Collaborative Care improves outcomes for people with diabetes and depression

Unhappy woman

Today, our cousin the Mental Elf has posted an important blog about the management of people with diabetes and depression.

Around 20% of patients with diabetes meet diagnostic criteria for depression.  NICE guidelines state that Collaborative Care (CC) should form part of a well-developed stepped-care programme for people with moderate to severe depression and a long-term condition.
CC requires joint working between the patient and healthcare professional to identify problems and agree goals for interventions.  Furthermore CC must comprise:

  • Case management (supported by a senior mental health professional),
  • Multi-professional collaboration (between primary and secondary physical health services and specialist mental health),
  • A range of evidence-based interventions,
  • And long term coordination of care and follow-up.

A new systematic review, nicely summarised by Amy Green on The Mental Elf, looked at the RCT evidence on the effects of CC compared with standard models of care.

Results

Eight RCTs were included in the analysis.  The results found some evidence of benefit for depression outcomes, with better response to treatment and adherence to medication.
For diabetes outcomes, the results were less clear.  Whilst there was some evidence of improved adherence to medications, the review did not find a signficant improvement in glycaemic control.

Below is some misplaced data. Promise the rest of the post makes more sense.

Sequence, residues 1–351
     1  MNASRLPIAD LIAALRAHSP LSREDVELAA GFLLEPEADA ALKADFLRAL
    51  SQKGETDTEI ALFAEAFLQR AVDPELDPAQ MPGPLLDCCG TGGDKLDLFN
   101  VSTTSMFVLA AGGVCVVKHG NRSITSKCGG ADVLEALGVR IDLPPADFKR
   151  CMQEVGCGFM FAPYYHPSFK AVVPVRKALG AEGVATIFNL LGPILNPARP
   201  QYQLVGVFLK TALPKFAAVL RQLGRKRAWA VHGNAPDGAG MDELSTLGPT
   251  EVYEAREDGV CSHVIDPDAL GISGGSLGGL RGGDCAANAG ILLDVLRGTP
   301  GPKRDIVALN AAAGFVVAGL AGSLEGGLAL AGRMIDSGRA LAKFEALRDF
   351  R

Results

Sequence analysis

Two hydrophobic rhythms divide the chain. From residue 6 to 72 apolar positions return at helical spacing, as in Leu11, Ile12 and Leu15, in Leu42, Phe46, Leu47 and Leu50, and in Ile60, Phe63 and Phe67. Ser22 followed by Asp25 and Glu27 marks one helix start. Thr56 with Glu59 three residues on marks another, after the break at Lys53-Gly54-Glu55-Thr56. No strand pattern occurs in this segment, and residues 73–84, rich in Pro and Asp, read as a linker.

Comments

This review shows that Collaborative Care may indeed improve outcomes for patients with depression and diabetes.  However, the results are not all that dramatic and further research is warranted to investigate the durability of benefits.  In particular, we should be cautious about improvements in glycaemic control, as the review did not find a significant benefit in this area.  This could be due to short study duration, small sample size or indeed the nature of the study population included.
We’ll head on over to the Mental Elf and join the chat there.

References

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Badenoch

Badenoch
I am an information scientist with an interest in making knowledge from systematic research more accessible to people who need it. This means you. I've been attempting this in the area of Evidence-Based Health Care since 1995. So far the results have been mixed. For some reason we expected busy clinicians to search databases and appraise papers instead of seeing patients. We also expected publishers to make the research freely available to the people who paid for it.. Ha! Hence The National Elf service.

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